U.S. Company Credit Swaps Advance After Two Explosions in BostonVictoria Stilwell
A gauge of U.S. corporate credit risk increased after two bombs exploded near the finish line of the Boston Marathon and as China’s economy lost momentum in the first quarter.
The Markit CDX North American Investment Grade Index, a credit-default swaps benchmark that investors use to hedge against losses or to speculate on creditworthiness, added 3.4 basis points to a mid-price of 85.4 basis points at 5:02 p.m. in New York, according to prices compiled by Bloomberg. The gauge climbed the most since traders started moving positions into Series 20 of the index on March 20 and is poised for its highest close since April 8.
Powerful blasts in Boston killed two and injured scores at the running event, according to police and hospital officials. The measure had been increasing earlier in the day, after China’s gross domestic product rose 7.7 percent from a year earlier, the National Bureau of Statistics said in Beijing today. That compared with the 8 percent median forecast in a Bloomberg survey of economists and 7.9 percent growth in the fourth quarter.
“China’s slow growth caught people off guard today and so this market had been weak all session long,” Ronald Quigley, head of fixed-income syndicate and primary sales at Mischler Financial Group Inc. in Stamford, Connecticut, said in a telephone interview. “But when you have an event like what took place at 3 p.m. today, that really does spook the markets.”
Credit swaps typically rise as investor confidence deteriorates and fall as it improves. The contracts pay the buyer face value if a borrower fails to meet its obligations, less the value of the defaulted debt.
“China is a factor in the back of everyone’s minds and does influence thinking,” Edward Marrinan, a macro credit strategist at Stamford-based RBS Securities, said in a telephone interview. “It’s natural that investors might want to back off and reassess where the markets might go from here.”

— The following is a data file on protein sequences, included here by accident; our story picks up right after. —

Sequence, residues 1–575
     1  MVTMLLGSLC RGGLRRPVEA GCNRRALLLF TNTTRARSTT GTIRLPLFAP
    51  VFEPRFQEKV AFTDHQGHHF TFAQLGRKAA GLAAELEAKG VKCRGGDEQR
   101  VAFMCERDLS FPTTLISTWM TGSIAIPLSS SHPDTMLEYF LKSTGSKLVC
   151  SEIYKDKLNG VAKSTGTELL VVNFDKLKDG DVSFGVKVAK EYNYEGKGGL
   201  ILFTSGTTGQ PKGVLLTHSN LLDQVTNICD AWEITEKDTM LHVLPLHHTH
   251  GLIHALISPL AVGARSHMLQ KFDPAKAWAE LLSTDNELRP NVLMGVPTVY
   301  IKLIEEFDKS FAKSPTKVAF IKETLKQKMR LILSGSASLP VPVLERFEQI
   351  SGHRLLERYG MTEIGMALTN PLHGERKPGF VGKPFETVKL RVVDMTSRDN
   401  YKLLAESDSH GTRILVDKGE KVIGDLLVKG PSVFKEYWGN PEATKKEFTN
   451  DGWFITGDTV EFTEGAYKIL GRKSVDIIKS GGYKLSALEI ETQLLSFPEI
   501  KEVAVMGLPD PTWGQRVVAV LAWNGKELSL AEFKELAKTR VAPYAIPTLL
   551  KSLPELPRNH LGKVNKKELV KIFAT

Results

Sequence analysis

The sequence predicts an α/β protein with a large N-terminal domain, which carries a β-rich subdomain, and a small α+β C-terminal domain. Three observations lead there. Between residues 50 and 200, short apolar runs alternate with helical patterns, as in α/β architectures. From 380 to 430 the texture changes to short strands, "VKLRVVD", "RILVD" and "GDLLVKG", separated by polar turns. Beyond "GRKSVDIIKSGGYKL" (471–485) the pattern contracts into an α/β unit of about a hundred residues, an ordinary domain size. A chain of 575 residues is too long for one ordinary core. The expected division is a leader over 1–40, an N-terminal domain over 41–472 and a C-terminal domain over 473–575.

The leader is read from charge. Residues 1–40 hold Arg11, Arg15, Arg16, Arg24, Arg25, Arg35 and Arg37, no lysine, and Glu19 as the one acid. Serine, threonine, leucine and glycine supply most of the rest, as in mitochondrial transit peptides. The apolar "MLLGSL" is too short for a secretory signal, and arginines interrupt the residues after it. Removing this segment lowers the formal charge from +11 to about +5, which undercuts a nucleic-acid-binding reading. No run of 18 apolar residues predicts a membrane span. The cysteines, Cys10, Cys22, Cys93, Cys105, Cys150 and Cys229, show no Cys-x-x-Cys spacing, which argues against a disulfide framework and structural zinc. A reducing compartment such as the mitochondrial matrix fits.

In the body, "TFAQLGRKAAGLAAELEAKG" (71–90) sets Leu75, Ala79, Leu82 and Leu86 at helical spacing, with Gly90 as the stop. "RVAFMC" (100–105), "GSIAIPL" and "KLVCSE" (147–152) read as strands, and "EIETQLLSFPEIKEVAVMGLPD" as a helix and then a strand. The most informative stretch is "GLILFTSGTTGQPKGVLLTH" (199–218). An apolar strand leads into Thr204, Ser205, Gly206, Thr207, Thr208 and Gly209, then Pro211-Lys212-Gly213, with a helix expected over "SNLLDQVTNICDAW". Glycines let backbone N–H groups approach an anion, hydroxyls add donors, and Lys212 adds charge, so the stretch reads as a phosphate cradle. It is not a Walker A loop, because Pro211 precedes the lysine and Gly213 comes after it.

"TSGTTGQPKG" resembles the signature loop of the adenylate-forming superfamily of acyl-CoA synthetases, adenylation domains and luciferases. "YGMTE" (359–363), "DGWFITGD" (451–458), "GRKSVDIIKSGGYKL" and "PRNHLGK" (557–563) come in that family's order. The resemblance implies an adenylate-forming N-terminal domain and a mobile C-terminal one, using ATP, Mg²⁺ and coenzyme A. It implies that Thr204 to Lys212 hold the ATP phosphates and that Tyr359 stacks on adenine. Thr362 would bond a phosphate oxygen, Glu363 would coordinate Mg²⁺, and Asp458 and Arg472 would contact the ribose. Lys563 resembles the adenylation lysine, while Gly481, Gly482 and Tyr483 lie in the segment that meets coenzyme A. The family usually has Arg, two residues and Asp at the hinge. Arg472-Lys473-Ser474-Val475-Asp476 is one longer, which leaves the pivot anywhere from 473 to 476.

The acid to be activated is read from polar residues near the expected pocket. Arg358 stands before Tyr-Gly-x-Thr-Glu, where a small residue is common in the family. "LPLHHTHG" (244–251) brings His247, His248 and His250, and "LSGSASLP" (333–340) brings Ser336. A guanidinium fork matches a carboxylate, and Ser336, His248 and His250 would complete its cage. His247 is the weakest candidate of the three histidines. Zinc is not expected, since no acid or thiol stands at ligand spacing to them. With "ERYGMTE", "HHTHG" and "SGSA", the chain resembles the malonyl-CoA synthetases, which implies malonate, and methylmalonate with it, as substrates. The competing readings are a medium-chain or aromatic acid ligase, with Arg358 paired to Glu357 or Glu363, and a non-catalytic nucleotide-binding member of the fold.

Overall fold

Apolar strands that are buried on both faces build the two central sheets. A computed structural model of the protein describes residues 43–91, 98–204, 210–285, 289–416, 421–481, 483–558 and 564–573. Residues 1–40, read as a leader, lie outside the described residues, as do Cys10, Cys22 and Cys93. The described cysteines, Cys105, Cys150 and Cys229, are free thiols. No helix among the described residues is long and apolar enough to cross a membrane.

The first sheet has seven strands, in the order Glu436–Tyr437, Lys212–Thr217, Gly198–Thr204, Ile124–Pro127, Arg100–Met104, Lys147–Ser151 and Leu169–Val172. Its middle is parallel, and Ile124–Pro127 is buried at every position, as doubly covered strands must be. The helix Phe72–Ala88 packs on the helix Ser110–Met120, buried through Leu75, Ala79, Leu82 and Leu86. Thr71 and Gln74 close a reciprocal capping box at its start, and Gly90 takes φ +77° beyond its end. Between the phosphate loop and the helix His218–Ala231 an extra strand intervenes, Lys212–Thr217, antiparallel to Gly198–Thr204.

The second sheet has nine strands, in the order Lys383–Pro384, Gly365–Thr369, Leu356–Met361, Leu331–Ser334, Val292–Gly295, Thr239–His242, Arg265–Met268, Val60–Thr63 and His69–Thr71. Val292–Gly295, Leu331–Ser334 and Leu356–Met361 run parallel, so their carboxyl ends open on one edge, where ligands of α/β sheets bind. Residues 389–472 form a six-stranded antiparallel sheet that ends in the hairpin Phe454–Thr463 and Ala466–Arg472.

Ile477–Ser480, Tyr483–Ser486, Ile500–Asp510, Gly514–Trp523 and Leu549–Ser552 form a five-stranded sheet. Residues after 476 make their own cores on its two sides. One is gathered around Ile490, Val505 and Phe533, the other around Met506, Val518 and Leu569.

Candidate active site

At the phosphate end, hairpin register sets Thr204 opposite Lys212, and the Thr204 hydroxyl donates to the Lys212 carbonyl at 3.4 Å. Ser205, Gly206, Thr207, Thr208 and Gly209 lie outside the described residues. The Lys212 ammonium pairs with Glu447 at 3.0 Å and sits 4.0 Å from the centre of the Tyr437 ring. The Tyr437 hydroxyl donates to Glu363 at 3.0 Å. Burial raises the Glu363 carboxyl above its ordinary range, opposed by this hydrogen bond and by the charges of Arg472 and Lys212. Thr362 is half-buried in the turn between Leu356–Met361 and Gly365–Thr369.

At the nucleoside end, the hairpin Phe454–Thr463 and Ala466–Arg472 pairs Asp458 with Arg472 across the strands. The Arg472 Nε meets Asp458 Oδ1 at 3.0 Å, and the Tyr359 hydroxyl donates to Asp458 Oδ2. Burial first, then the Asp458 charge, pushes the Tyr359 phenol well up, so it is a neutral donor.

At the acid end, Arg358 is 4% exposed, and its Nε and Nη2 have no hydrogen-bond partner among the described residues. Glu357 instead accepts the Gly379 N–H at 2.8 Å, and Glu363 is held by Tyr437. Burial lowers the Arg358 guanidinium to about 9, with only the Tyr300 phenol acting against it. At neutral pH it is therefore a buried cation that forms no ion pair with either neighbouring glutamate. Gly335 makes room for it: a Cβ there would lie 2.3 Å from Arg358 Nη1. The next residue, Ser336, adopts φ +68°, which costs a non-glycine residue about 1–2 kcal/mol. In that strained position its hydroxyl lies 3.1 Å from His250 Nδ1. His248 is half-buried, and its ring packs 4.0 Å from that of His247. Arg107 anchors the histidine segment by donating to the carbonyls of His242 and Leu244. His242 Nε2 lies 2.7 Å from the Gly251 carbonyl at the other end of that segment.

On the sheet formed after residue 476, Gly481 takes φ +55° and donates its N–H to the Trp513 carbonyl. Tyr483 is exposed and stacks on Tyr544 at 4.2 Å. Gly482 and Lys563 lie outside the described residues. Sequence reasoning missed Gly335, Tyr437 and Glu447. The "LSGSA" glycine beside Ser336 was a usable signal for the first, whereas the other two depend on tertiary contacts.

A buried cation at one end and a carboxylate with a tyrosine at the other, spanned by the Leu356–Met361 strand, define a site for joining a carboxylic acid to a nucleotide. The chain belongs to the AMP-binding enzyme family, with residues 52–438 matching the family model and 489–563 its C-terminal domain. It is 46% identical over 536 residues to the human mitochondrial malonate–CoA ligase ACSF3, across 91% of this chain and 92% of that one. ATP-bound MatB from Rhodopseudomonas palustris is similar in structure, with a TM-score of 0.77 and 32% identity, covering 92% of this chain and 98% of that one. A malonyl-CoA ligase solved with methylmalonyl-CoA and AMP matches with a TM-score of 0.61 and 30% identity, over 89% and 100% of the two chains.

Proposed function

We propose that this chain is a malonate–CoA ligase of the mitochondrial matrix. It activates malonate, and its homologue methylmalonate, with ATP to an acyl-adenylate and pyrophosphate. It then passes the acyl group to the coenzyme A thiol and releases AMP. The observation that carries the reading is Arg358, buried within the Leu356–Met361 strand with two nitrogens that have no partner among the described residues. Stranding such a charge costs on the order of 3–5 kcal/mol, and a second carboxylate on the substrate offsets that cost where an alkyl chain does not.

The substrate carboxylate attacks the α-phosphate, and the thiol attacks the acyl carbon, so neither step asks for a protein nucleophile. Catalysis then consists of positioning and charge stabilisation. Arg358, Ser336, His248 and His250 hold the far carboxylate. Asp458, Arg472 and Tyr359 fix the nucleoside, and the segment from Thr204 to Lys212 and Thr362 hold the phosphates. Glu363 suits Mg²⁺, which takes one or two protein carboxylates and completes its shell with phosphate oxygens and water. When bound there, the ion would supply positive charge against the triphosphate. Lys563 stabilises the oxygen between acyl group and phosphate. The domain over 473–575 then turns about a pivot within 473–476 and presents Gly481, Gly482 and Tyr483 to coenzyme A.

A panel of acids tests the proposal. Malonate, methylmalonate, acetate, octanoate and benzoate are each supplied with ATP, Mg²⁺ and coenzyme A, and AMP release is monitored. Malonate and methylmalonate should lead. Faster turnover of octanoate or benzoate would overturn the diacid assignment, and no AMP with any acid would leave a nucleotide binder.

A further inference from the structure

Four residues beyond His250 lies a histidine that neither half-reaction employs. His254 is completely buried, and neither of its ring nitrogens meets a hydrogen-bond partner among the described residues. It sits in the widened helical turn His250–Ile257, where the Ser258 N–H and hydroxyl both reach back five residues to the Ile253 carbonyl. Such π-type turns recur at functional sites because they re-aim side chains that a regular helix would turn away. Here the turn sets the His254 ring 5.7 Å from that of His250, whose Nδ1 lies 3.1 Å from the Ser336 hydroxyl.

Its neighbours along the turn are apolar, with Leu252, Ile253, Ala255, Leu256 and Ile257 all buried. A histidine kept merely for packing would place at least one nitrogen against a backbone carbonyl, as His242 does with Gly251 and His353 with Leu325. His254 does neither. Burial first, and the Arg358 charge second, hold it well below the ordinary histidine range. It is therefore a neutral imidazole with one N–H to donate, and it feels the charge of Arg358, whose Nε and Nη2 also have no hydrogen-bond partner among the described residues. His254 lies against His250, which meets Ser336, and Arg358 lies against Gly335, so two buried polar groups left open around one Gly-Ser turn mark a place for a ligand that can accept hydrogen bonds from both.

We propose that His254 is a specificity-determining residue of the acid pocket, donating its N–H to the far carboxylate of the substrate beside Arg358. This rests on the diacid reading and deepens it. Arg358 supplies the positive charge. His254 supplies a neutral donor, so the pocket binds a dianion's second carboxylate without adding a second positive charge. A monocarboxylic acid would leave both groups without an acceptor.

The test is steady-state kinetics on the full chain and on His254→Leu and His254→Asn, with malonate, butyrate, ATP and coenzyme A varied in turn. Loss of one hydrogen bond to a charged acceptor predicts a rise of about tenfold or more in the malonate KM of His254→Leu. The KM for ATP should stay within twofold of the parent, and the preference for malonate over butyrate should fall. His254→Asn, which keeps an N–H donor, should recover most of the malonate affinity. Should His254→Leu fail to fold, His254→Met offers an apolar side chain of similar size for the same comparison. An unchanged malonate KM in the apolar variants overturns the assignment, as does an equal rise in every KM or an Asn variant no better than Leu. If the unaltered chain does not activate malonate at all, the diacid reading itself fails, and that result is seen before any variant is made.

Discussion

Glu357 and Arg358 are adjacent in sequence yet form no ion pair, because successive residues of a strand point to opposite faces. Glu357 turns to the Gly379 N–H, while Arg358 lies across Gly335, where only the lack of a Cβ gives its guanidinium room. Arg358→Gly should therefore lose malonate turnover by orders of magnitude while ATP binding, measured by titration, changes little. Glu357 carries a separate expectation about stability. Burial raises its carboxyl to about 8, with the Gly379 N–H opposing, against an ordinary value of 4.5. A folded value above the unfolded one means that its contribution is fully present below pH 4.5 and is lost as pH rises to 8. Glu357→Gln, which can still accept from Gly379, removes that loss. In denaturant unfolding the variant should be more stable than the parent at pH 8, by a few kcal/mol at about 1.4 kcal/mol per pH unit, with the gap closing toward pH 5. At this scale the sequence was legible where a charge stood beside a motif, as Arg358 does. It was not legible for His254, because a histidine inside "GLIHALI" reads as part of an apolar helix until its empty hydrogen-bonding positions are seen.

Credit swaps tied to the debt of J.C. Penney Co. rose after the retailer said it drew $850 million from its $1.85 billion revolving credit line as it works to raise capital.
Five-year contracts on J.C. Penney rose 1.1 percentage point to 15.1 percent upfront at 4:11 p.m. in New York, according to CMA, the data provider owned by McGraw-Hill Cos. that compiles prices quoted by dealers. That means it would cost $1.5 million initially and $500,000 annually to protect $10 million of obligations.
Proceeds from the credit facility will be used to fund capital spending and replenish inventory, J.C. Penney said in a statement today, as the department-store chain opens newly renovated home departments next month. The move would subordinate existing bonds and increase the company’s debt relative to earnings, Gimme Credit LLC analyst Carol Levenson wrote in a note today.
“This is more cash than we thought Penney might need to get through the year and also a bit sooner than we thought it might need it,” Levenson said in the note. “It’s good that the company has the flexibility to do this, but it also demonstrates that the ‘internally financed transformation’ envisioned by previous management was a pipe dream.”
J.C. Penney is evaluating a range of options to raise at least $1 billion, including selling a stake to a private-equity firm, and has hired Blackstone Group LP to help it with the process, people familiar with the matter said last week.
J.C. Penney ousted Chief Executive Ron Johnson on April 8 after a dismal first year on the job and reinstated his predecessor, Myron E. Ullman III. Sales in the year ended Feb. 2 plunged 25 percent to $13 billion, the lowest since at least 1987.
Tapping the credit line is a “stop-gap measure before permanent financing is put in place,” Fitch Ratings said in a statement today, adding that additional funding will be needed to cover a projected free cash flow shortfall of $1.3 billion to $1.5 billion this year. Fitch lowered its grade on the company to B- on Feb. 28 and said the draw on the facility has no immediate impact on the credit.
The risk premium on the Markit CDX North American High Yield Index increased by 15.2 basis points to 414.5 basis points, Bloomberg prices show.
The average relative yield on speculative-grade, or junk-rated, debt tightened 1.5 basis points to 523.6 basis points, Bloomberg data show. High-yield, high-risk debt is rated below Baa3 by Moody’s Investors Service and less than BBB- at S&P.